To Expand Your Skills

Working as a travel nurse is an excellent way to pad your nursing skills and your resume. 

A highly flexible and adaptable nurse is a high-value asset in the healthcare industry. Demonstrating that you can work in a variety of settings without being fazed will be noted by potential employers. 

 

#2: Evaluate Your Experiences

Use your current experience to determine which settings you may or may not want to work in. Create a list of what you like about your current specialty and what you don’t like. This assessment will help narrow specialties based on the setting, patient types, and responsibilities. 

 

can travel nurses change specialties

 

#3: Identify Your Strengths

What are your strengths and weaknesses, and how do they help and/or hinder you in your current position? Explore the required strengths of different nursing specialties. 

For example, the core qualities needed to be an ER nurse may be:

  • Strong emotional resilience
  • Assertive
  • High stamina
  • Able to handle difficult or complex patients

Whereas postpartum nursing may require slightly different qualities, such as:

  • Highly compassionate
  • Patience
  • Good patient-to-nurse communication skills
  • Empathetic

Both jobs require essential nursing qualities, such as good critical thinking skills and a high attention to detail, but each setting may require nurses to operate in a different mode.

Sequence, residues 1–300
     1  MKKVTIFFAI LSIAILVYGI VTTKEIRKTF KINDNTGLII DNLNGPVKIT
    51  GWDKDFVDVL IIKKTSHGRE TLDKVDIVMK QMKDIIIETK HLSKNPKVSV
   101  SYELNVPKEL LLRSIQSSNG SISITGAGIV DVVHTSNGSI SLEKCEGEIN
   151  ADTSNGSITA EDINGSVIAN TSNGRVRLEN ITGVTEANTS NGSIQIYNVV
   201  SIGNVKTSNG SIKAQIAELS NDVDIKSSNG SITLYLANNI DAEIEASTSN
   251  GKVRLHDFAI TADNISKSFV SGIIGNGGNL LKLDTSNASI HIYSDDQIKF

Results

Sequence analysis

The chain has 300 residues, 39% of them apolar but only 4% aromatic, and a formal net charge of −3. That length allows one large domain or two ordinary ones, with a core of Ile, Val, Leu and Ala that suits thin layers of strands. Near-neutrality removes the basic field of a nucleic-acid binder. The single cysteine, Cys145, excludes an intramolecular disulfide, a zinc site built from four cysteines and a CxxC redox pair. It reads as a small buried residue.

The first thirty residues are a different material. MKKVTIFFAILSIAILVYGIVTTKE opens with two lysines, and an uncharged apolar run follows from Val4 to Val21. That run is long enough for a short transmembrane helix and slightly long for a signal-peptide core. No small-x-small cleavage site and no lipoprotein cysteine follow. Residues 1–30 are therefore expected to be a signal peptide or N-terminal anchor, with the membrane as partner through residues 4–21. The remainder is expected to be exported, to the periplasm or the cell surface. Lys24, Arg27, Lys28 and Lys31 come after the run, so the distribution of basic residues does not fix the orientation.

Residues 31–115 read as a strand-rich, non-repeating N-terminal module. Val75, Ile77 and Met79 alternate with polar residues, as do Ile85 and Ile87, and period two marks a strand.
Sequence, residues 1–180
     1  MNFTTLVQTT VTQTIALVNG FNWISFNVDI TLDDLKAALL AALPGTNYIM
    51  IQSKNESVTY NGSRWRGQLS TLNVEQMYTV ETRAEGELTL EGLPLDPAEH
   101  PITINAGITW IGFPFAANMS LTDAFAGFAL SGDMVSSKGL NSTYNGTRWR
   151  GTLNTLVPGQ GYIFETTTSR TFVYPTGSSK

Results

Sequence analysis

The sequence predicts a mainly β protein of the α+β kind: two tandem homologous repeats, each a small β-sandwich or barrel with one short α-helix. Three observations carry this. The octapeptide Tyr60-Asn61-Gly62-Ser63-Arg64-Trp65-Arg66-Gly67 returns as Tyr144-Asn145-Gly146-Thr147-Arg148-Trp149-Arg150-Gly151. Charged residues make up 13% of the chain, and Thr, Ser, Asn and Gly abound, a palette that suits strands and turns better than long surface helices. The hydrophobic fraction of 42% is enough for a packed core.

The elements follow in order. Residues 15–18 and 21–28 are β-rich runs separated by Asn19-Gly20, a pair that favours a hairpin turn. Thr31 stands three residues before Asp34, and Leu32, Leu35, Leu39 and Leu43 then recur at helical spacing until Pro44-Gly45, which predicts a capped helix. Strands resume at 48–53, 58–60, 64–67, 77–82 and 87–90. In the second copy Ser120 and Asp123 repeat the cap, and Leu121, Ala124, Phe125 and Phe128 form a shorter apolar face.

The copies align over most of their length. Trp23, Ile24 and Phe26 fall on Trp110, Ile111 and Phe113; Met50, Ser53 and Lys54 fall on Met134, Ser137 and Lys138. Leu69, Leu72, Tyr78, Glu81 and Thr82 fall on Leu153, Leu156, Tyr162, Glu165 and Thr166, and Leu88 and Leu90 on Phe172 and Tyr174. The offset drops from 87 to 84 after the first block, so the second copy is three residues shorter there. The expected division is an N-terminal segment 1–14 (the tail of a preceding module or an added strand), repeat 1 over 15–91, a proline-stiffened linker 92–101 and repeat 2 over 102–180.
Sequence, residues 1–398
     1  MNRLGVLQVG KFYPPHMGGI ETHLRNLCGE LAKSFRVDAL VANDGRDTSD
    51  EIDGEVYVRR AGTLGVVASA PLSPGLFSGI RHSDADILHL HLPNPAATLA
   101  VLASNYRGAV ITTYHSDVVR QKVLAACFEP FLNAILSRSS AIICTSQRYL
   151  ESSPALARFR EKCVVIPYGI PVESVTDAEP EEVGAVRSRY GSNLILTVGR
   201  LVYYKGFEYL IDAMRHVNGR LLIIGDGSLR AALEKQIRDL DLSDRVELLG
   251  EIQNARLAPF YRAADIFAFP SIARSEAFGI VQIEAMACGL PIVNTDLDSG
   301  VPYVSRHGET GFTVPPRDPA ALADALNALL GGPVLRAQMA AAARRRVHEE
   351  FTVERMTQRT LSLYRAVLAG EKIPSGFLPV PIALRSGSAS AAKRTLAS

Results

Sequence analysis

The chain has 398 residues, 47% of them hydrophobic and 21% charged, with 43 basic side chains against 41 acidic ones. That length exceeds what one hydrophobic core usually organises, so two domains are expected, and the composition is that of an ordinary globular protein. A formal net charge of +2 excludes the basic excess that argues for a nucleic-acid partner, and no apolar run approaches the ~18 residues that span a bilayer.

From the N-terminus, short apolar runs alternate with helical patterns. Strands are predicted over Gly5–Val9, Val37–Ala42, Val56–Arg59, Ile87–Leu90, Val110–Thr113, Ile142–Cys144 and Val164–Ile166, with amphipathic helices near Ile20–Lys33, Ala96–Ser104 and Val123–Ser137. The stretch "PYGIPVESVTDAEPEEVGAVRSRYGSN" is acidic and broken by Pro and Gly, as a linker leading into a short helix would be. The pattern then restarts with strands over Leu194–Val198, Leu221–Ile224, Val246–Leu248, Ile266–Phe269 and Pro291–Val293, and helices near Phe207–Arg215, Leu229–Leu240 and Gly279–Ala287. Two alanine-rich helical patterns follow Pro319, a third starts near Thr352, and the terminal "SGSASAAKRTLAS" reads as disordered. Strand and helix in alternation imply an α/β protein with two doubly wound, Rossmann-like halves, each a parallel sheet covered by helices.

#4: Research the Options

Get a good picture of options that may interest you by researching exactly what the specialty involves, such as:

  • Salary
  • Geographical demand
  • Day-to-day responsibilities
  • Requirements and qualifications

According to Zippia, there are over 15,000 travel nursing jobs in Florida and over 300 in Aurora, CO alone. With so many options and opportunities, how can you quickly explore your options without being at the behest of a nursing recruiter?

Trusted Nurse Staffing powered Pronto to allow prospective travel nurses to easily look through thousands of available travel nurse openings quickly. You can find and arrange contracts based on your desired pay, position, location, and current qualifications using a computer or mobile device. 

But just because you don’t have to wait for a recruiter to help you find travel nursing contracts doesn’t mean we leave you all on your own. 

Our dedicated recruiters are available around the clock to answer any questions or help with the fine details of potential contracts. 

 

how to change travel nurse specialty

 

#5: Consider a Related Specialty

Are you looking for a satisfying career change but not looking to plunge into unfamiliar waters? 

Consider switching to a specialty similar enough to be in your wheelhouse, which will still provide you with a new environment, outlook, and exciting possibilities.